The United States reacted with surprise on Monday to news that Prime Minister Binyamin Netanyahu canceled his annual trip to Washington.
Netanyahu had originally planned to visit the annual AIPAC summit, planned for March 20 through 22, but chose to cancel the trip after President Barack Obama declined to schedule a meeting with him.
Instead, Obama will be making his first trip to Cuba when Netanyahu would have been visiting the United States.
The White House claimed in response that it had offered an invitation two weeks ago to host Netanyahu for a meeting on March 18, but has learned through media reporters that the visit was off.
"We were looking forward to hosting the bilateral meeting, and we were surprised to first learn via media reports that the prime minister, rather than accept our invitation, opted to cancel his visit," said Ned Price, a spokesman for the White House National Security Council, according to Reuters.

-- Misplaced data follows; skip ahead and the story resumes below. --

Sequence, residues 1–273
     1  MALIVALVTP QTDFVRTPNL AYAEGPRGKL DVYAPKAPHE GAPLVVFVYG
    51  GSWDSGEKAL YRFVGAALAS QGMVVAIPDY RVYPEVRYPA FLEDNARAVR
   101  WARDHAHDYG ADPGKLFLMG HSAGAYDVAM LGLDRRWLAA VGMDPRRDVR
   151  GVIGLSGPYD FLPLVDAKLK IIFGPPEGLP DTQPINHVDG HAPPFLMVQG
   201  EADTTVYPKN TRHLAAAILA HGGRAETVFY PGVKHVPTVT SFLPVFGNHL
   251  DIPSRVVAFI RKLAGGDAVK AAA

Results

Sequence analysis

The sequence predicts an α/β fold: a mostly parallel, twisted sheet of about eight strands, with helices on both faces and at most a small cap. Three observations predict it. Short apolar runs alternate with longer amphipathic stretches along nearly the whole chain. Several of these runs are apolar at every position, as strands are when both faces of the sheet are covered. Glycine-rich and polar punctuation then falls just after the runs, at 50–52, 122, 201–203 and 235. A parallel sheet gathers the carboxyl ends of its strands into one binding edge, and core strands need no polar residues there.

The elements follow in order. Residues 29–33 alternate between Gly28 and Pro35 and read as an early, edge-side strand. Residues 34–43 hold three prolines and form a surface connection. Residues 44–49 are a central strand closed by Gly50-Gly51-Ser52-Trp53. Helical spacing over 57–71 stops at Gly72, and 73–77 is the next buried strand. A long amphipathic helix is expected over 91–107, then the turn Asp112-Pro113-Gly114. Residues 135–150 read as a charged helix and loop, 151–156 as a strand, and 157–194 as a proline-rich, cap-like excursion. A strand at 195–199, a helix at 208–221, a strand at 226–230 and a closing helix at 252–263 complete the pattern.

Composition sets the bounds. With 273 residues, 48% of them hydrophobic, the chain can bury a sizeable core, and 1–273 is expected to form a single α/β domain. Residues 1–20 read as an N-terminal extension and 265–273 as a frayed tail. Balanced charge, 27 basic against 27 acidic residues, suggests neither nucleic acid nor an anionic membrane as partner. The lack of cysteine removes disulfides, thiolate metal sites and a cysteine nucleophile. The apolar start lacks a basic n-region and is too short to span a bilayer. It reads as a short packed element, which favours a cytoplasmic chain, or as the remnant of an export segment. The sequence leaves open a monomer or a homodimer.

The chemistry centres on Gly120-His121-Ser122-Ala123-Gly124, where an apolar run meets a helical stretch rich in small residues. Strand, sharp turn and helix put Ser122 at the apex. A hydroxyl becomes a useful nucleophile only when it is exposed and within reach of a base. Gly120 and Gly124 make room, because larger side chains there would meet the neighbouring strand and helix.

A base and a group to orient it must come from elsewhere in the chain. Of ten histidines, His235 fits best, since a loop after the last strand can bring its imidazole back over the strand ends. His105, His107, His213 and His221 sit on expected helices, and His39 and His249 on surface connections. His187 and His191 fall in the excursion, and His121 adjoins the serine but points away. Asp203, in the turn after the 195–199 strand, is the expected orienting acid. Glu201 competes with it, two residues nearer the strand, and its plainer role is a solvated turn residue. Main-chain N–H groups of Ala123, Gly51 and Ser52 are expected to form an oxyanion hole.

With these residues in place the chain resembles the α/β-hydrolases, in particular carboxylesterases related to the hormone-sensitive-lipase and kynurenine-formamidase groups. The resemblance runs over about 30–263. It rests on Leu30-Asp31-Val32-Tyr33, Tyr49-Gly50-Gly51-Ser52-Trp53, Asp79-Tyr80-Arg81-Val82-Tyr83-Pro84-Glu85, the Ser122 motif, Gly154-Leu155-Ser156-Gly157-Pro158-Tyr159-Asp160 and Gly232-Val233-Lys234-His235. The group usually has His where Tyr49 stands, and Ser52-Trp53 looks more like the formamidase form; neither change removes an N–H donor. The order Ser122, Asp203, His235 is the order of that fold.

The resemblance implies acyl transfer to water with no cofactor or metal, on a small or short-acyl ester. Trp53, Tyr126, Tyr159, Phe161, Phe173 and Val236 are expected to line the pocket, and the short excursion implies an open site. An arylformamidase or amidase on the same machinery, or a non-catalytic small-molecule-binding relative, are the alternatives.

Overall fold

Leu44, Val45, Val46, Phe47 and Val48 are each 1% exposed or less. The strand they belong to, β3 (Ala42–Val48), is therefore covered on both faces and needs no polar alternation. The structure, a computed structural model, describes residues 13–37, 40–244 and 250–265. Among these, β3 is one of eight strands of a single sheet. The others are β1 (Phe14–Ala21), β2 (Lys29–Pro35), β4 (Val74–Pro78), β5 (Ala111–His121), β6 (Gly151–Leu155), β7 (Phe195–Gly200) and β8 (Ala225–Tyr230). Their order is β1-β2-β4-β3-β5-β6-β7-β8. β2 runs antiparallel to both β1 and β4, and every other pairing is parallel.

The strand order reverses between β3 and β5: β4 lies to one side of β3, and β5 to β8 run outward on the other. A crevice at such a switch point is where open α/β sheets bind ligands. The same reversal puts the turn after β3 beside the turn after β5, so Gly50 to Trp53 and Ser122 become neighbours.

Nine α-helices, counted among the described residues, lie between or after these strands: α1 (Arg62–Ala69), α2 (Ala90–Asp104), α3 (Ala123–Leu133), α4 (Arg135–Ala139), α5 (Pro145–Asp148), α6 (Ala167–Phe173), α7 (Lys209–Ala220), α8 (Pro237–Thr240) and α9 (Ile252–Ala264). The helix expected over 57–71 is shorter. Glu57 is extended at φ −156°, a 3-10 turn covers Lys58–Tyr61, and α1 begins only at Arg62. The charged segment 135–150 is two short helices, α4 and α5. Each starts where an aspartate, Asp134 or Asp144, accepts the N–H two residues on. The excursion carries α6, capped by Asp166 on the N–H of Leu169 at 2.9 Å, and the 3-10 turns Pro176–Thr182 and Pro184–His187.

"Reports that we were not able to accommodate the prime minister's schedule are false," Price made clear in an emailed statement.
Officials around the Prime Minister pointed out earlier that the trip would take place in the middle of a heated presidential primary season, and Netanyahu is looking to avoid becoming entangled in internal American politics.
They also noted that Vice President Joe Biden is set to arrive in Israel this week for meetings with Netanyahu and Palestinian Authority leaders, and that the Israeli Prime Minister would be able to convey important messages through the Vice President.
Another reason for the cancellation appears to be a failure of Obama and Netanyahu to reach an agreement over the next Memorandum of Understanding.
The document, which plots the course of military cooperation between the U.S. and Israel – including foreign aid – for the next decade, is a sticking point in the relationship between the two leaders. In light of the disagreement, it appears that Obama declined to meet with Netanyahu.